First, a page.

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A spear-thrower, spear-throwing lever or atlatl (pronounced or ; Nahuatl ahtlatl [ˈaʔt͡ɬat͡ɬ]) is a tool that uses leverage to achieve greater velocity in dart or javelin-throwing, and includes a bearing surface which allows the user to store energy during the throw.
It may consist of a shaft with a cup or a spur at the end that supports and propels the butt of the spear. It's usually about as long as the user's arm or forearm. The user holds the spear-thrower in one hand, gripping near the end farthest from the cup. The user puts the butt end of the spear, or dart, in the cup, or grabs the spur with the end of the spear. The spear is much longer than the thrower. The user holds the spear parallel to the spear-thrower and going in the other direction. The user can hold the spear, with the index and thumb, with the same hand as the thrower, with the other fingers. The user reaches back with the spear pointed at the target. Then they make an overhand throwing motion with the thrower while letting go of the spear with the fingers.The dart is thrown by the action of the upper arm and wrist. The throwing arm together with the atlatl acts as a lever. The spear-thrower is a low-mass, fast-moving extension of the throwing arm, increasing the length of the lever. This extra length allows the thrower to impart force to the dart over a longer distance, thus imparting more energy and higher speeds.Common modern ball throwers (molded plastic arms used for throwing tennis balls for dogs to fetch) use the same principle.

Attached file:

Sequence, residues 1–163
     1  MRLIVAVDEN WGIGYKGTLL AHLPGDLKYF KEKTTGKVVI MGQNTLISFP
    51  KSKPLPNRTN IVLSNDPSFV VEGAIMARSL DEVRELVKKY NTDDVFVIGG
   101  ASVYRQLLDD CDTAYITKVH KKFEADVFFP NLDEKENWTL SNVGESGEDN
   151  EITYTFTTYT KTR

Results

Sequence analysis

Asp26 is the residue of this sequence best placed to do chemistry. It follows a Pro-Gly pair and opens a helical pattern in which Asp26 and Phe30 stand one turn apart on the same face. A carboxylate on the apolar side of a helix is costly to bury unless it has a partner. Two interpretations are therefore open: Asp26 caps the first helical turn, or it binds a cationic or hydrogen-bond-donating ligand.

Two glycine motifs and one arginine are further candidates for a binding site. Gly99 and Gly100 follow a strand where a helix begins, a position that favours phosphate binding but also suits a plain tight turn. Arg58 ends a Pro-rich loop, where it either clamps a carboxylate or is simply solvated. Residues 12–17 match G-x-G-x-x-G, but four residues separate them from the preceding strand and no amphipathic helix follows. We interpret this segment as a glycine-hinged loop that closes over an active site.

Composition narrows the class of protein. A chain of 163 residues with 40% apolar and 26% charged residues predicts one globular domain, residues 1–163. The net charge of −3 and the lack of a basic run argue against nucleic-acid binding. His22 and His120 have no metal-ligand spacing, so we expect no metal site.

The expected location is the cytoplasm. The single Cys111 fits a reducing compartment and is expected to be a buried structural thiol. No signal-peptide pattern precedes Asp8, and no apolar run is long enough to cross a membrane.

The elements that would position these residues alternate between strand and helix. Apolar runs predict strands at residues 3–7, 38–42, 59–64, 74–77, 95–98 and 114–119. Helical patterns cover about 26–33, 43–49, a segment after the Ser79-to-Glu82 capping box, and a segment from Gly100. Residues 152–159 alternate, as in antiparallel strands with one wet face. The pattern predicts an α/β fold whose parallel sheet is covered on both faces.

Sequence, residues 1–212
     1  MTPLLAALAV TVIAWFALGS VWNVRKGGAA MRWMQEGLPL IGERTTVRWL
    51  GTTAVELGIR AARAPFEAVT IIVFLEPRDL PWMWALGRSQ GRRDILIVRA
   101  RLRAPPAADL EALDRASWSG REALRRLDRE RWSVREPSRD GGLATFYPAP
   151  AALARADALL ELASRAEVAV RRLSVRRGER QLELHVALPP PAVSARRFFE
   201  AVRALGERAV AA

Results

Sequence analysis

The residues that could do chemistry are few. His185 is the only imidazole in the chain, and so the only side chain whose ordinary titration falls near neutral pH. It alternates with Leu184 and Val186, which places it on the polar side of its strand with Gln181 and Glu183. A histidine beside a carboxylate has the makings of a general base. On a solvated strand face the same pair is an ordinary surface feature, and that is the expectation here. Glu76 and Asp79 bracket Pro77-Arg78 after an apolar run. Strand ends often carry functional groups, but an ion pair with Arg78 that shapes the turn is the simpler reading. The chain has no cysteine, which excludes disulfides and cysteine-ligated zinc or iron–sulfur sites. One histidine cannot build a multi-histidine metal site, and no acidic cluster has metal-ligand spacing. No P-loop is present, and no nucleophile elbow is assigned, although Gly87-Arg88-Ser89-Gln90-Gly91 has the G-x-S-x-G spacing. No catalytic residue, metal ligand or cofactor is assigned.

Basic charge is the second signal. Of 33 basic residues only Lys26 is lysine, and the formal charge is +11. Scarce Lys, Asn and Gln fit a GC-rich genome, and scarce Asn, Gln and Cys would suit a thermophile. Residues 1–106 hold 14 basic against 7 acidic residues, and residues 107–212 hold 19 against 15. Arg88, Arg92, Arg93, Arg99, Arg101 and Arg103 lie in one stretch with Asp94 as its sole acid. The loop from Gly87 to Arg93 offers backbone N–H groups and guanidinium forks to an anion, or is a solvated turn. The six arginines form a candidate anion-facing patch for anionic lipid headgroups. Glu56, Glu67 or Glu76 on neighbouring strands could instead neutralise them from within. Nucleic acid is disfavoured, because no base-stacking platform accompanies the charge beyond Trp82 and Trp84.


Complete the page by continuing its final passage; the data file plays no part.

A spear-thrower is a long-range weapon and can readily impart to a projectile speeds of over 150 km/h (93 mph).Spear-throwers appear very early in human history in several parts of the world, and have survived in use in traditional societies until the present day, as well as being revived in recent years for sporting purposes. In the United States, the Nahuatl word atlatl is often used for revived uses of spear-throwers (or the Mayan word hul'che); in Australia, the Dharug word woomera is used instead.
The ancient Greeks and Romans used a leather thong or loop, known as an ankule or amentum, as a spear-throwing device. The Swiss arrow is a weapon that works similarly to amentum.

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